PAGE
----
Project 2: Rendering unshaded spheres

Goals

• Represent geometry in the scene
• Perform intersection tests to determine visibility

In this project, we will add a set of spheres to the world, then rendered them with no lighting. Each sphere can be given its own color, giving us an image like this one:

Add spheres to the world

Create a representation of a sphere consisting of two pieces of information:

• A center point. This is the location of the sphere, as a 3D vector.
• A radius. This is just a scalar.

Add a few of these spheres into the scene.

Add color to the spheres

As you've seen in the previous project, a color consists of red, green and blue components, each in the range of [0, 255]. Because we're going to combine multiple colors in future lessons, we will represent colors with components in the range [0, 1]. Then, we will convert this into a range our pixel plotting function can accept at the very end, right before plotting a pixel.

Represent a color with three non-integer components, each between zero and one. Add one more piece of information to the representation of each sphere: its color.

Perform ray-sphere intersection tests

For each of the rays you created in the previous project, loop through all the spheres in the scene and perform an intersection test on them. Recall that we found a quadratic equation encoding the solutions of the intersection test:

\begin{array} \\a & t^2 & + & b & t & + & c & = & 0 \\ \left( \Vert \vec{\mathbf{d}} \Vert ^ 2 \right) & t^2 & + & \left( 2 \langle \vec{\mathbf{c}'}, \vec{\mathbf{d}} \rangle \right) & t & + & \left( \Vert \vec{\mathbf{c}'} \Vert ^ 2 - r^2 \right) & = & 0 \end{array}

The variables here are:

• vec bbd is the direction vector for the ray.
• vec bbc' = vec bbo - vec bbc, where vec bbo is the origin of the ray, and vec bbc is the center of the sphere.
• r is the radius of the sphere.
• t is the value we're solving for. Out of all possible solutions, we want the lowest one.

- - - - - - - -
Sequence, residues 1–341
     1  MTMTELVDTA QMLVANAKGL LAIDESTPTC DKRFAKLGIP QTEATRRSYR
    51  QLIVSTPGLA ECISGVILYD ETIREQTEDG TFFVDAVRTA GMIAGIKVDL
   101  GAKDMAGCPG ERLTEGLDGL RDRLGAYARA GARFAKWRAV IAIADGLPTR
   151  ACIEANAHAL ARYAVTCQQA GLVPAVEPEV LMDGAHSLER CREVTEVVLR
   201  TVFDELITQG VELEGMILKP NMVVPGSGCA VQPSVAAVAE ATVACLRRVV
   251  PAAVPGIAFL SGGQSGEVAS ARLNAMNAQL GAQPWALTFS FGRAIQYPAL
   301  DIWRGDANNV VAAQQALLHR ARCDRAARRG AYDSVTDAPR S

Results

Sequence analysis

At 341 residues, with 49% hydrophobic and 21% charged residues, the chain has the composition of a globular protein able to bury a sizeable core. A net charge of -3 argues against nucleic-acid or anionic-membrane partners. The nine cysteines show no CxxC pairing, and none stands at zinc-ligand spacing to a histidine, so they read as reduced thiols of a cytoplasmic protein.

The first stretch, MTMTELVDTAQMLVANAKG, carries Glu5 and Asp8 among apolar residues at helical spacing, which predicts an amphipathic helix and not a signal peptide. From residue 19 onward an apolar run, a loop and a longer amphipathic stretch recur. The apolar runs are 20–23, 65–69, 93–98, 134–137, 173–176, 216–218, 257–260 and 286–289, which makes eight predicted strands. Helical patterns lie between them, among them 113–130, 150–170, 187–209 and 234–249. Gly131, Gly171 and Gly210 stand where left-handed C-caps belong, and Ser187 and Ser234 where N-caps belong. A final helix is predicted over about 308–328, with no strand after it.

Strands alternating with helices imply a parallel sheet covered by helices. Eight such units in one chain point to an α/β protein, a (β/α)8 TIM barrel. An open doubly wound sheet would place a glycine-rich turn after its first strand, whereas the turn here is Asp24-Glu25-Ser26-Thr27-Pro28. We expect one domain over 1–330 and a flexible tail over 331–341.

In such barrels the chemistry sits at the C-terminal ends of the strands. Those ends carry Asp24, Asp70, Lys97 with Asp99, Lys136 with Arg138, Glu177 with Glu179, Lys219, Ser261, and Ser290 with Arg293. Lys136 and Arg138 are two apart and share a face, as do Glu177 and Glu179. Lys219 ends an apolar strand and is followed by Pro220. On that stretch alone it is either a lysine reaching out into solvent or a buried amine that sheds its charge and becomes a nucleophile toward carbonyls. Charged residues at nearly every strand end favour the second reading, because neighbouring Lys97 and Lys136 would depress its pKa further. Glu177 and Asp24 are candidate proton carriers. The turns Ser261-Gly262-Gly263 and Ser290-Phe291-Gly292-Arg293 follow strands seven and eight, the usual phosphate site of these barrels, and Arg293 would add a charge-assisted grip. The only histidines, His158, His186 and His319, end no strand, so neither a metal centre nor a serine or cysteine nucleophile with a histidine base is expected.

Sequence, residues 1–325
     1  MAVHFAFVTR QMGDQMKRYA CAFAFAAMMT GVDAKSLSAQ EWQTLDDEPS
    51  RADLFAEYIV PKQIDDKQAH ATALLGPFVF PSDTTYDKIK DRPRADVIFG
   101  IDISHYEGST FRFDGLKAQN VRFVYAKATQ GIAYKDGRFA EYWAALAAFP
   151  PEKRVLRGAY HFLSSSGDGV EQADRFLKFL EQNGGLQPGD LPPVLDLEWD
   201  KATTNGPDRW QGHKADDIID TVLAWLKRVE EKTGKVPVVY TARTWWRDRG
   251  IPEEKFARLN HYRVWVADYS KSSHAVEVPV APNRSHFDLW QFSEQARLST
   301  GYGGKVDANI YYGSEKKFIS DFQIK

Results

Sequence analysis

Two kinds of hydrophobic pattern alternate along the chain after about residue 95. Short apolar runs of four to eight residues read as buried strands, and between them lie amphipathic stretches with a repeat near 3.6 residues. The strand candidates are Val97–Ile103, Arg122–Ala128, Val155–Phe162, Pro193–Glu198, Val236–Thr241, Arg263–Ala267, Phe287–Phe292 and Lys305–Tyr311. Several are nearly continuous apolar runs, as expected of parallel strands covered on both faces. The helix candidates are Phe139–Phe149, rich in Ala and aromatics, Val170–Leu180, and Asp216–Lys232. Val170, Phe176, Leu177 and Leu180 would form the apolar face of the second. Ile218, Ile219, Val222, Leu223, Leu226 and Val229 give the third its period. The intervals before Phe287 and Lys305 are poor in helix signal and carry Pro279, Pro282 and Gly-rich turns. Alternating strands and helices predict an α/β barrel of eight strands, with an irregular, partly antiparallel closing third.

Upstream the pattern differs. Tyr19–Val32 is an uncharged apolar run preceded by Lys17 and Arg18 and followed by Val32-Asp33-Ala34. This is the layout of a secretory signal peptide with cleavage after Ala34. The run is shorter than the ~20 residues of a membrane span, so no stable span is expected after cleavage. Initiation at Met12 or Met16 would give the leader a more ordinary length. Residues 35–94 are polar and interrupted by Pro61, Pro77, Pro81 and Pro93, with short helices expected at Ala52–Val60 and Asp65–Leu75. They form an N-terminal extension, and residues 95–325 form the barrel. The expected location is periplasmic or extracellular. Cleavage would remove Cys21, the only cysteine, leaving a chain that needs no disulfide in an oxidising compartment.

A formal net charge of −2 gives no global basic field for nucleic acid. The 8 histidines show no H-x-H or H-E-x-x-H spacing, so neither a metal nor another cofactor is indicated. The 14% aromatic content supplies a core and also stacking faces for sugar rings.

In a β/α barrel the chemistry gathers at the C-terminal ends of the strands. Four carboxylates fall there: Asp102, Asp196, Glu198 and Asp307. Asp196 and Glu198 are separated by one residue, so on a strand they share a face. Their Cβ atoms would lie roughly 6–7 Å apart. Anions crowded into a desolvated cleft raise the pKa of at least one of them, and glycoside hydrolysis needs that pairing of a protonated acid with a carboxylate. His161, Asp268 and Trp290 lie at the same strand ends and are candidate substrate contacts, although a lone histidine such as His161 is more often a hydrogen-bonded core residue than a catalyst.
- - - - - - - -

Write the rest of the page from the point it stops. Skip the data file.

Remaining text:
Using the quadratic formula, we know the solutions to this equation are:

• t = {-b +- sqrt{b^2 - 4 a c}} / {2a}

Start by calculating a, b and c. You'll need to support taking the dot product of two vectors.

Next, calculate the discriminant, that is the quantity b^2 - 4ac. There are two possibilities:

• The discriminant is negative. In that case, t cannot be a real number, so the ray does not intersect with the sphere.

• The discriminant is zero or positive. We can treat these two cases the same. Calculate the two values of t using the quadratic formula and pick the smaller one.

Only pick values of t that are positive. Remember that a negative value means the intersection happens before the image plane, maybe even behind the camera. If neither value of t is positive, the ray does not intersect the sphere.

Figure out which sphere a ray sees

After performing all the intersection tests for a single ray, there are two possibilties:

• The ray does not intersect any sphere. Color the corresponding pixel black.

• The ray intersects at least one sphere. Out of the spheres the ray intersects, pick the one with the lowest t. Color the corresponding pixel the color of that sphere.

In the reference image, we added three spheres of three different colors. The resulting image looks like this: